The Brown Pelican's Return to Coastal Louisiana
Coastal Louisiana's brown pelicans have faced serious challenges across the past several decades,
but they are now thriving where they once were extinct. This 2-part series explores their battle with pesticides,
along with two CWPPRA projects that have been instrumental in the recovery and preservation of pelican habitat.
- Part One
- Part Two
The Brown Pelican and Louisiana History
The brown pelican (Pelecanus occidentalis) has a storied connection to Louisiana.
From Iberville's first coasting of the Gulf of Mexico's shores in search of the
Mississippi's mouth in 1699, journals kept by those in his company recorded the
populous colonies of the birds they encountered. After returning to France, Iberville
would captain a ship christened The Pelican back to the New World in 1704,
carrying with him some 24 "well-bred" girls to the burgeoning colony of
Louisiana in hopes that they would provide an incentive for permanent settlements.
It is said by some that William Claiborne, the territory's
first governor after the Louisiana Purchase in 1803, was the first to suggest that
the brown pelican appear on Louisiana's seal. No matter the rightful originator
of the notion, a pelican feeding its young could be found on the seal as early as
1804. As for the bird itself, no less an authority than the painter and naturalist
John James Audubon would describe the pelican as "one of the most interesting
of our American birds", waxing rhapsodic as he went on to describe the species'
feeding habits in his journal:
Look at them as they fly over the bay; listen to the sound of the splash they make
as they drive their open bills, like a pock-net, into the sea, to scoop up their
prey; mark how they follow that shoal of porpoises, and snatch up the frightened
fishes that strive to escape from them. Down they go, again and again. What voracious
creatures they are!
In 1912, Louisiana adopted a state flag that featured Louisiana's
state motto "Union, Justice and Confidence" and, once again, a pelican
feeding hatchlings. And in 1966, the pelican received its ultimate due when it was
officially named the State Bird of Louisiana. Yet in the very year it was adopted
as the state bird, the brown pelican that had been recorded by Iberville's men and
Audubon's brushstrokes had completely vanished from Louisiana's shores.
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The Brown Pelican's Disappearing Act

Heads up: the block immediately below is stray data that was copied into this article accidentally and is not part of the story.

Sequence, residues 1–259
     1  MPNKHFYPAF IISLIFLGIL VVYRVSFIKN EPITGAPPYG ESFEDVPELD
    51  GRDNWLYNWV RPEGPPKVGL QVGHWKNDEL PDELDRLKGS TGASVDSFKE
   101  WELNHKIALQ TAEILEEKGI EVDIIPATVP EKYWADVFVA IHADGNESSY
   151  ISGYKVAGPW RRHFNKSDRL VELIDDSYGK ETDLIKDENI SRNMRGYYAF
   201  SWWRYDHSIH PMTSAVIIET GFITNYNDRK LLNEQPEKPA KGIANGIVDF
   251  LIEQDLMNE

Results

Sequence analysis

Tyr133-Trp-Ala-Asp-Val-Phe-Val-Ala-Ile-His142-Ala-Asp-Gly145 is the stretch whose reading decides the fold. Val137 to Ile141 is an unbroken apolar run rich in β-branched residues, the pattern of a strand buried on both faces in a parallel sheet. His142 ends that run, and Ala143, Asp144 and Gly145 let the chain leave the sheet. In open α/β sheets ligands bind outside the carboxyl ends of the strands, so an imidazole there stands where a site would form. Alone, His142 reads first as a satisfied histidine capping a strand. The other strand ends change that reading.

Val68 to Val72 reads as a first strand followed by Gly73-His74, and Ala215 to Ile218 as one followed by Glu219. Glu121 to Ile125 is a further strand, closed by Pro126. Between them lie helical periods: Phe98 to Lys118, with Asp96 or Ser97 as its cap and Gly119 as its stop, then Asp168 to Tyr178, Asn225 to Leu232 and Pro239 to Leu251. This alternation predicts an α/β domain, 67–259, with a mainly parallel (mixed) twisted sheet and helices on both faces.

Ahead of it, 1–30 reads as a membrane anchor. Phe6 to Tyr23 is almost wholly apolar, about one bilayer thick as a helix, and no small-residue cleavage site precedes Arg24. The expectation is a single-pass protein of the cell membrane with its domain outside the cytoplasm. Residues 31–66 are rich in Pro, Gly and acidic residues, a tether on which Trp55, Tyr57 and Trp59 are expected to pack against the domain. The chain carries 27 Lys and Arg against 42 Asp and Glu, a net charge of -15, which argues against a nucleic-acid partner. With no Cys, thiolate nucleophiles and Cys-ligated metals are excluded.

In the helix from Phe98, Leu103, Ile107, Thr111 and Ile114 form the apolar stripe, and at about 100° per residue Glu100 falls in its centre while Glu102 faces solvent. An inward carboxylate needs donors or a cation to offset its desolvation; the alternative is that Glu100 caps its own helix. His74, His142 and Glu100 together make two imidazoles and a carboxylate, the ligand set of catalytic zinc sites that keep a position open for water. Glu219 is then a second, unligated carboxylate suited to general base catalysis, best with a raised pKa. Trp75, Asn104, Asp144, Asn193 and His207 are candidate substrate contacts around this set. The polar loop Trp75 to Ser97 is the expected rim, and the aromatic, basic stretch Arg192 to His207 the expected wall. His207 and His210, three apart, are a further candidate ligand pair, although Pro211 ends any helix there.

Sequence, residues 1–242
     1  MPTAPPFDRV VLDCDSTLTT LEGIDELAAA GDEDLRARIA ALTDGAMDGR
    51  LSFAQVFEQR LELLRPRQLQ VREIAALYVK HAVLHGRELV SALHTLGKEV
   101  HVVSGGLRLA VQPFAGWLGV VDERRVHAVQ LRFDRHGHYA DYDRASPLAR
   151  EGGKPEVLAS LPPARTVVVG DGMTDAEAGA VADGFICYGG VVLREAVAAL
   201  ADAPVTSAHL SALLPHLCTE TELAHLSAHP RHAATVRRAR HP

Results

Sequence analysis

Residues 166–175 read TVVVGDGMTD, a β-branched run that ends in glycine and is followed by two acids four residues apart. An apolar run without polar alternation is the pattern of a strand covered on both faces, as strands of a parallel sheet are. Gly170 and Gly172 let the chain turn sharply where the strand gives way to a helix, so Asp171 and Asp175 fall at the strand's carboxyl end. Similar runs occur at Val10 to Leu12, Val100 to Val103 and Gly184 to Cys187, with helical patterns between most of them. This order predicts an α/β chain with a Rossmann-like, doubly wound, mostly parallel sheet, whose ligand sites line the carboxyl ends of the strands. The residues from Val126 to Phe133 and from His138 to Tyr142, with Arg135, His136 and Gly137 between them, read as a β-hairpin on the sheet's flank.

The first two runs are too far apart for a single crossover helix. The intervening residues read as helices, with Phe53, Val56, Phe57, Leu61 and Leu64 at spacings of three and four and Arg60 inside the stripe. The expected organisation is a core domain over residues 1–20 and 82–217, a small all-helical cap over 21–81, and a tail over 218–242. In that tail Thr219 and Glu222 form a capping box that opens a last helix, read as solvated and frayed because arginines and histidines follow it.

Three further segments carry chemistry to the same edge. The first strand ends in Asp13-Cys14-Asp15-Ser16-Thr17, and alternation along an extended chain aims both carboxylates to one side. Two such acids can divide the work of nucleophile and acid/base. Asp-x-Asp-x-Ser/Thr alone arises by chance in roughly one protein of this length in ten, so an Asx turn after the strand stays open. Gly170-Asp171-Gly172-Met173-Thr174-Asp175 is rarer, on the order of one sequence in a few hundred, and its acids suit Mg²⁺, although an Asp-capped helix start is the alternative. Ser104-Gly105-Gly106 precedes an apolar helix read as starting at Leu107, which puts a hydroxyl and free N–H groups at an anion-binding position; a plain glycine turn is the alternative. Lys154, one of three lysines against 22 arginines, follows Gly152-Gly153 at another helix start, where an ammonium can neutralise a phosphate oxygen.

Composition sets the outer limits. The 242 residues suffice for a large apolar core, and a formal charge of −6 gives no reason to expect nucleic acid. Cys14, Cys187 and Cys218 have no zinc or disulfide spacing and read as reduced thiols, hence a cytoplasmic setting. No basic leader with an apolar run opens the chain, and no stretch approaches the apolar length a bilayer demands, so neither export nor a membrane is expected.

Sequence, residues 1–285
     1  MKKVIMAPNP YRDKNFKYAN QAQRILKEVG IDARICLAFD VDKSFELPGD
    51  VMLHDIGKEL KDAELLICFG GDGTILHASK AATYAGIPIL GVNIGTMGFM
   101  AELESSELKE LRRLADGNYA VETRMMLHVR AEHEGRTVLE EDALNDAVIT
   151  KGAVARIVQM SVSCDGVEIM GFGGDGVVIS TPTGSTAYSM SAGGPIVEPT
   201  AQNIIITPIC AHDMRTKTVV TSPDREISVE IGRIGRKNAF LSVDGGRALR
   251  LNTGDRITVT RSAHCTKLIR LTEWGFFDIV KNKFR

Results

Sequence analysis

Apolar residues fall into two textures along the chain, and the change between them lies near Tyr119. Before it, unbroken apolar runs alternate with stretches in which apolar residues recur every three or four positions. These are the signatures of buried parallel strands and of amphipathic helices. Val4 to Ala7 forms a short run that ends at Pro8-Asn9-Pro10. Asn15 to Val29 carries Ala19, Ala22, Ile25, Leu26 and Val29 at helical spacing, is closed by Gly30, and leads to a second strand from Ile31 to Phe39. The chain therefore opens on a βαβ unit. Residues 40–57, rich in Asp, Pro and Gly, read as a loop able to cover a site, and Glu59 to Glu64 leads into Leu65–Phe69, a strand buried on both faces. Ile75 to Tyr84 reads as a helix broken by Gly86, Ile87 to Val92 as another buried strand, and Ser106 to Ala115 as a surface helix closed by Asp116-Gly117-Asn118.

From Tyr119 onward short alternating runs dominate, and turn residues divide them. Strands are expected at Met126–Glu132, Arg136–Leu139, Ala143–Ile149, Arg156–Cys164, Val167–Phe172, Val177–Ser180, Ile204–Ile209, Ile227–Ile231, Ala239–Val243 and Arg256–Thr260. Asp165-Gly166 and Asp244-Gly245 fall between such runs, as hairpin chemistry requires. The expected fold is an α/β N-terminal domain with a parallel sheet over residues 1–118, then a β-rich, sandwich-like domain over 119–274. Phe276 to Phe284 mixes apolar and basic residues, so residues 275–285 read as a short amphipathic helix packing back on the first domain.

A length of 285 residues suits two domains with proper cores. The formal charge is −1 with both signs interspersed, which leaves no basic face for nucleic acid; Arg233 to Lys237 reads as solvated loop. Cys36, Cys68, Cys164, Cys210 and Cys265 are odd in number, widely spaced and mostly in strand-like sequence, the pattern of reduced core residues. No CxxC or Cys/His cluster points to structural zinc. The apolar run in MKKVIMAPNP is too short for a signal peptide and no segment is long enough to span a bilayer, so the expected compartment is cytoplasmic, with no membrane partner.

Arriving at the number of brown pelicans historically found in Louisiana is difficult
due to the wide variance in reports across the early portion of the past century.
In 1919, for instance, the state's population was estimated to be roughly 50,000
individuals. A 1938 survey, however, placed the estimated number of breeding pairs
across the state at only 5,000. Later, in 1955, a survey estimated that 5,000 adults
and fledglings could be found on East Timbalier Island alone.
However, in 1961, a scant six years later, no nesting pairs were spotted across
the state's entire coast. And by 1963, only eight years after the East Timbalier
survey, there were no brown pelican sightings whatsoever in Louisiana. The complete
extirpation of brown pelicans from Louisiana's coast suddenly left the question
of a baseline population a moot point. Clearly, the state's coast had served as
home to a thriving, well-established population for centuries, but suddenly, inside
the span of a single decade, the number had flatlined. To this day, the brown pelican's
disappearance remains one of the most astonishing events in the annals of American
It didn't take long for researchers to begin searching for causes behind the dieback
and ways to bring the brown pelican population back to Louisiana. Immediately suspect
as causes were a pair of tropical storms in 1956 and 1957 that had savaged the coastal
barrier islands where brown pelicans bred and nested. Because over 90% of brown
pelican nests are built on the ground, many scientists suspected that overwash across
the islands had simply eradicated the nests across two successive years, dealing